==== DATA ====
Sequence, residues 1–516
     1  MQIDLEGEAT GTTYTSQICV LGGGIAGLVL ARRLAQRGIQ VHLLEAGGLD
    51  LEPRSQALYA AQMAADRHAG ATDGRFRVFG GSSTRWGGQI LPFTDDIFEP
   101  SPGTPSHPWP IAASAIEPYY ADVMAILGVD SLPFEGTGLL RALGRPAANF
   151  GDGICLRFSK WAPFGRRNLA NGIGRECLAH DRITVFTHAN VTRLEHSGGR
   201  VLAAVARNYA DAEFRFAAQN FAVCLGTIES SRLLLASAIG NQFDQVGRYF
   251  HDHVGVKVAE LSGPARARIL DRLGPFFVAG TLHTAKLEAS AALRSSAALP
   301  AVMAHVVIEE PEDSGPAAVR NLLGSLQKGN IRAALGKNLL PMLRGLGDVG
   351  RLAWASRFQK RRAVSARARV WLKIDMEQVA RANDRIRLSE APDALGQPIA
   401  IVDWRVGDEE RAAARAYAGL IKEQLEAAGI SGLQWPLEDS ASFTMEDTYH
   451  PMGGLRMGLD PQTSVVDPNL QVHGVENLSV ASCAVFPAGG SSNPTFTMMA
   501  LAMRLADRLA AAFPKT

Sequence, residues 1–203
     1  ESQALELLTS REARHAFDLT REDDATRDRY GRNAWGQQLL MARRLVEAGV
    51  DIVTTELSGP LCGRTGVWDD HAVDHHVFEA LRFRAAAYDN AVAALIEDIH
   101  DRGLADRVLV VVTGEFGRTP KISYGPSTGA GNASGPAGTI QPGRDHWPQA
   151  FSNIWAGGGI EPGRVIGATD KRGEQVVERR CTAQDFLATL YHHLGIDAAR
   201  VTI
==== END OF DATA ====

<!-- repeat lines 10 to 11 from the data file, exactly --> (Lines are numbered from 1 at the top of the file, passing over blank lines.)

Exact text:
   401  IVDWRVGDEE RAAARAYAGL IKEQLEAAGI SGLQWPLEDS ASFTMEDTYH
   451  PMGGLRMGLD PQTSVVDPNL QVHGVENLSV ASCAVFPAGG SSNPTFTMMA